o 7.1 Calculating the Tzolk'in date portion
o 7.2 Calculating the Haab' date portion
* 8 Piktuns and higher orders
* 9 See also
* 10 Notes
* 11 References
* 12 External links
Among other calendars devised in pre-Hispanic Mesoamerica, two of the most widely used were the 365-day solar calendar (Haab' in Mayan) and the 260-day ceremonial calendar, which had 20 periods of 13 days. This 260-day calendar was known as the Tzolk'in to the Maya and tonalpohualli to the Aztecs.
The Haab' and the Tzolk'in calendars identified and named the days, but not the years. The combination of a Haab' date and a Tzolk'in date was enough to identify a specific date to most people's satisfaction, as such a combination did not occur again for another 52 years, above general life expectancy.
Because the two calendars were based on 365 days and 260 days respectively, the whole cycle would repeat itself every 52 Haab' years exactly. This period was known as a Calendar Round.
To measure dates over periods longer than 52 years, the Mesoamericans devised the Long Count calendar.
Long Count periods
The Long Count calendar identifies a date by counting the number of days from August 11, 3114 BCE. Rather than using a base-10 scheme, like Western numbering, the Long Count days were tallied in a base-20 scheme. Thus 0.0.0.1.5 is equal to 25, and 0.0.0.2.0 is equal to 40.
The Long Count is not consistently base-20, however, since the second digit from the right only counts to 18 before resetting to zero. Thus 0.0.1.0.0 does not represent 400 days, but rather only 360 days.
The Mayan name for a day was k'in. Twenty of these k'ins are known as a winal (or uinal). Eighteen winals or 360 k'in make one tun. Twenty tuns are known as a k'atun. Twenty k'atuns make a b'ak'tun. There are also four rarely-used higher-order periods: piktun, kalabtun, k'inchiltun, and alautun.
Calculating Long Count dates
Long Count dates are written with Mesoamerican numerals, as shown on this table. A dot represents one while a bar equals 5. The shell glyph was used to represent the zero concept. The Long Count calendar required the use of zero as a place-holder, and presents one of the earliest uses of the zero concept in history.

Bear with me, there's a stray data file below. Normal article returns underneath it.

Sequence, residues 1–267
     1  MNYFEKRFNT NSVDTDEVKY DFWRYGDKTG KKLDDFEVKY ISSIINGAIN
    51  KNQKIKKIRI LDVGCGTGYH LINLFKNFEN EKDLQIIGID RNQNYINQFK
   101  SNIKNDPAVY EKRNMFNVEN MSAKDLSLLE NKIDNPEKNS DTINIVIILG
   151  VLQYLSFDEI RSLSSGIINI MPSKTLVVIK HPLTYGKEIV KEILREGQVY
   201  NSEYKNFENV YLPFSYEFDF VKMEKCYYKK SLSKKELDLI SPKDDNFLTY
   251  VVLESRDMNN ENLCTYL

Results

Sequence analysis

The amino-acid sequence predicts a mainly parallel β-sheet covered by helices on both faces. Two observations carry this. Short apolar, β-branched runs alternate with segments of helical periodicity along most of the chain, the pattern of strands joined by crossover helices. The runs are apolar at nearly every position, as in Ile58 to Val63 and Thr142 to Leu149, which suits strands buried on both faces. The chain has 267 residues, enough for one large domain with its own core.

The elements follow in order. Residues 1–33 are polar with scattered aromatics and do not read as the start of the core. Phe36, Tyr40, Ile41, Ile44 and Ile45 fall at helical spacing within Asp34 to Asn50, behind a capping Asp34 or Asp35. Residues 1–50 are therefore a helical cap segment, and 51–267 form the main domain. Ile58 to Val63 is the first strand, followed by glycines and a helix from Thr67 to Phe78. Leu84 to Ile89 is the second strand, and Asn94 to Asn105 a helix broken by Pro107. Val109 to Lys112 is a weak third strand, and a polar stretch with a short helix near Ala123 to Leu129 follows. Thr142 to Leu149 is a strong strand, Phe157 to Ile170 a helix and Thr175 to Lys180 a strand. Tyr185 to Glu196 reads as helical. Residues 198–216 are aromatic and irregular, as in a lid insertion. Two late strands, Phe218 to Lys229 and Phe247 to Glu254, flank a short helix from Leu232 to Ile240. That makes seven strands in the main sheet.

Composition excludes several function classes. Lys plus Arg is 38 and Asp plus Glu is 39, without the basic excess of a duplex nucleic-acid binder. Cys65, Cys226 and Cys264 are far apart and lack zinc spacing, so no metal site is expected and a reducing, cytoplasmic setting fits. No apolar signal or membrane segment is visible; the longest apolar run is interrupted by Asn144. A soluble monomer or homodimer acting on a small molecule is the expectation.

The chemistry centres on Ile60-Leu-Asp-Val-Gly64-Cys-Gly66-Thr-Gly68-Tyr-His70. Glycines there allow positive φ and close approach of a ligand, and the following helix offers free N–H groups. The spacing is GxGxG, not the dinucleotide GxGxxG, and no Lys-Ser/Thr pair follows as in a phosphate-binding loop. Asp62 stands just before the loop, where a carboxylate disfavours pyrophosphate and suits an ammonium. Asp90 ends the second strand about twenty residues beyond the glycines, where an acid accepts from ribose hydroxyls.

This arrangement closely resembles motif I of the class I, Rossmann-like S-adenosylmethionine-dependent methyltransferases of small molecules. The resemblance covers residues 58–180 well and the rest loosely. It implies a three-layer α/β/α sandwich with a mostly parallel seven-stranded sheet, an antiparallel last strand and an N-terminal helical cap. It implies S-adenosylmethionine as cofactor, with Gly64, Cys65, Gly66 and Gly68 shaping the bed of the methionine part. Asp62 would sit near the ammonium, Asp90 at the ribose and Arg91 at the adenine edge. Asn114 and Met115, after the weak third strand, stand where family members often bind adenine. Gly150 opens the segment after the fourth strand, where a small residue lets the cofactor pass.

See also History of zero
The back of Stela C from Tres Zapotes, an Olmec archaeological site.This is the second oldest Long Count date yet discovered. The numerals 126.96.36.199.18 translate to September 1, 32 BCE (Gregorian). The glyphs surrounding the date are what is thought to be one of the few surviving examples of Epi-Olmec script.
The back of Stela C from Tres Zapotes, an Olmec archaeological site.
This is the second oldest Long Count date yet discovered. The numerals 188.8.131.52.18 translate to September 1, 32 BCE (Gregorian). The glyphs surrounding the date are what is thought to be one of the few surviving examples of Epi-Olmec script.
The Long Count dates are written vertically, with the higher periods (i.e. b'ak'tun) on the top and then the number of each successively smaller order periods until the number of days (k'in) are listed. As can be seen at left, the Long Count date shown on Stela C at Tres Zapotes is 184.108.40.206.18.
7 × 144000 = 1,008,000 days (k'in)
16 × 7200 = 115,200 days (k'in)
6 × 360 = 2,160 days (k'in)
16 × 20 = 320 days (k'in)
18 × 1 = 18 days (k'in)
Total days = 1,125,698 days (k'in)